Simple external antenna attenuation for outdoor SWLing

Saturday, November 12, 2016

I recently purchased a Sony ICF-SW100 after reading multiple glowing reviews of it on eHam and the SWLing post. It's a great little shortwave radio that can easily fit into a jacket pocket. The unit has an external antenna input together with a DX/Local switch that adjusts the radio's sensitivity. However, after using the radio outdoors for several days I have found that the DX setting is just a little too sensitive when using it with the long wire antenna (resulting in distortion on some medium-strength signals), while the Local setting isn't very sensitive at all (meaning that some of these signals can only be heard very faintly).

It turns out that this problem can be solved by using a variable attenuator available in Maplin. The attenuator's specifications state that it has a 2dB — 20dB range and that it operates from 5MHz upwards. However, I have tested it with the ICF-SW100 as well as with my other radios, and I have found that it works very effectively all the way down to long wave. With some additional cable accessories, it's possible to insert the attenuator between ICF-SW100's external antenna input and the long wire as follows:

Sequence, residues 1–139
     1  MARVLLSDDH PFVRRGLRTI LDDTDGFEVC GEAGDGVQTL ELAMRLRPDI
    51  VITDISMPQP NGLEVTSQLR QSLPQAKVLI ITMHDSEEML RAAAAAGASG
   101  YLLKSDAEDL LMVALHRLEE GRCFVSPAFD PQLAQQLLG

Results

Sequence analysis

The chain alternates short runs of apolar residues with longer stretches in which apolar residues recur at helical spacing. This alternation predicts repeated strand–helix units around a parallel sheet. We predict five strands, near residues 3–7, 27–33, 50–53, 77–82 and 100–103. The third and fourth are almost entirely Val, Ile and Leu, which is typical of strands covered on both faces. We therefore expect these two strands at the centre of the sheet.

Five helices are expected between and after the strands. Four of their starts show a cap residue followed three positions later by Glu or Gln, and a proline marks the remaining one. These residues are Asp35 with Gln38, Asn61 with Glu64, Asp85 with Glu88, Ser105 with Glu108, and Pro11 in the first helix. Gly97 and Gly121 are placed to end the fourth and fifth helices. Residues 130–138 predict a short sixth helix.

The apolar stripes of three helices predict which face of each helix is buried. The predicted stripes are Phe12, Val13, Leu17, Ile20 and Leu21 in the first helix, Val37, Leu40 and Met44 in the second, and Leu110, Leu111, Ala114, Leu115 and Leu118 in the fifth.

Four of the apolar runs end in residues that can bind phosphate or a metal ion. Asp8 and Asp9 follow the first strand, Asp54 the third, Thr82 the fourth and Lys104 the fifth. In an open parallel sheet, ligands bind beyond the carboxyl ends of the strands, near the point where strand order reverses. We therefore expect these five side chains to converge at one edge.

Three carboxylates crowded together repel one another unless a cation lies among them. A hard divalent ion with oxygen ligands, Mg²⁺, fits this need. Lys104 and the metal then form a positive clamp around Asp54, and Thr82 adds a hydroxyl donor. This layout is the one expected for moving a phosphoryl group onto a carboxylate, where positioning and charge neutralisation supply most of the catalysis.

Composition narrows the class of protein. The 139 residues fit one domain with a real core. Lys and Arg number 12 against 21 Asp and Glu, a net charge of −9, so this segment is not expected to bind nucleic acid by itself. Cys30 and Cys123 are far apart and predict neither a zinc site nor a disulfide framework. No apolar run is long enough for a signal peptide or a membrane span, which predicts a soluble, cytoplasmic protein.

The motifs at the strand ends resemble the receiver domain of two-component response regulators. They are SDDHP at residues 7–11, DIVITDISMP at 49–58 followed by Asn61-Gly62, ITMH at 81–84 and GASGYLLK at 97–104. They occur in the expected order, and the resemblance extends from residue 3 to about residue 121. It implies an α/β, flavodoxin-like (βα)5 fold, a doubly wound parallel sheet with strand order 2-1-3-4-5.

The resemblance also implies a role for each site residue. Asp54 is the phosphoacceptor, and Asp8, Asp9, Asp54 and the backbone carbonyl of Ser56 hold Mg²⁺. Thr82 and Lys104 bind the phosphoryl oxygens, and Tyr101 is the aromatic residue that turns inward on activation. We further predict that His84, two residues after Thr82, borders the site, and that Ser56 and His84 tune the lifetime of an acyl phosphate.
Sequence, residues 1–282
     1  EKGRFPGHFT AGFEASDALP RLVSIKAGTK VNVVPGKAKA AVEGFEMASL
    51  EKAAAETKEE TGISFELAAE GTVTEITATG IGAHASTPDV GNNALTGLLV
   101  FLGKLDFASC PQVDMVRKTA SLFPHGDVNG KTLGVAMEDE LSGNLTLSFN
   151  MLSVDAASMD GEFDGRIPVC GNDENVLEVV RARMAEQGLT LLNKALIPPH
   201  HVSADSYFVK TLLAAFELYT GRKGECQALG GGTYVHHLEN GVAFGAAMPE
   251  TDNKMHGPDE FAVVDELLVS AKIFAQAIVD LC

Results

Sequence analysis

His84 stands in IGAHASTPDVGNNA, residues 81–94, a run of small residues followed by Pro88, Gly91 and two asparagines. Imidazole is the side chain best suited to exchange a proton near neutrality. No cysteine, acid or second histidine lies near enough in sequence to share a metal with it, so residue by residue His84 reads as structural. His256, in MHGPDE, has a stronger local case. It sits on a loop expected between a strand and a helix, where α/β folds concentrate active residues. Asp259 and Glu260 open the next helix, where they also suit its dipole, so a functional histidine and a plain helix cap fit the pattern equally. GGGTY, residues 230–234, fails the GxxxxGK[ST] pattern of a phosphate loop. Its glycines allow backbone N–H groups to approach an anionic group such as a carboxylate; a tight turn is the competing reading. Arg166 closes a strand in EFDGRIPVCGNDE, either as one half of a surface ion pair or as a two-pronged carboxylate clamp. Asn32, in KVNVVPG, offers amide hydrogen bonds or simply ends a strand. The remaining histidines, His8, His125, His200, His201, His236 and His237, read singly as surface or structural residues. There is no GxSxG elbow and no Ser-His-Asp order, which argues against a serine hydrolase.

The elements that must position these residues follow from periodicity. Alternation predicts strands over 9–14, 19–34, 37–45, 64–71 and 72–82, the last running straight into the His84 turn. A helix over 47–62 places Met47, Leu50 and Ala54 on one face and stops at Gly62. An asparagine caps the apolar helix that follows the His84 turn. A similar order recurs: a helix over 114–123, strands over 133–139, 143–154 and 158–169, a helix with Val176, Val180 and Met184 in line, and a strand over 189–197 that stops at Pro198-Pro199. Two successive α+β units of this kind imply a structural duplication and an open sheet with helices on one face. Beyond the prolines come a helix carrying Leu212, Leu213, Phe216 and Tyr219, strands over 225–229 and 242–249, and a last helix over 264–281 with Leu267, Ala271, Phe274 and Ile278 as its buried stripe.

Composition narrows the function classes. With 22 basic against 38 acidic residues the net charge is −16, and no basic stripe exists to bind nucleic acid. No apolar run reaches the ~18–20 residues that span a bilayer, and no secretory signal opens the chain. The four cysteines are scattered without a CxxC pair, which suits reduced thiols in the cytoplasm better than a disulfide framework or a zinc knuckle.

When I head out in the morning not knowing if I can get any free time later in the day to SWL outdoors, I take the following "opportunistic DXing kit" with me:

That's the Sony ICF-SW100, a Sony ICD-PX333 recorder, the Maplin variable attenuator with all the cable accessories, an audio volume attenuation cable (for connecting the recorder to the radio's line output), and the long wire antenna.

I am quite pleased with ICF-SW100's performance so far, and with this simple and cheap attenuator it's possible to get even more out of this radio in challenging reception conditions.

About the author

This blog is written by a shortwave radio enthusiast based in London, UK. You can follow him on Twitter at @LondonShortwave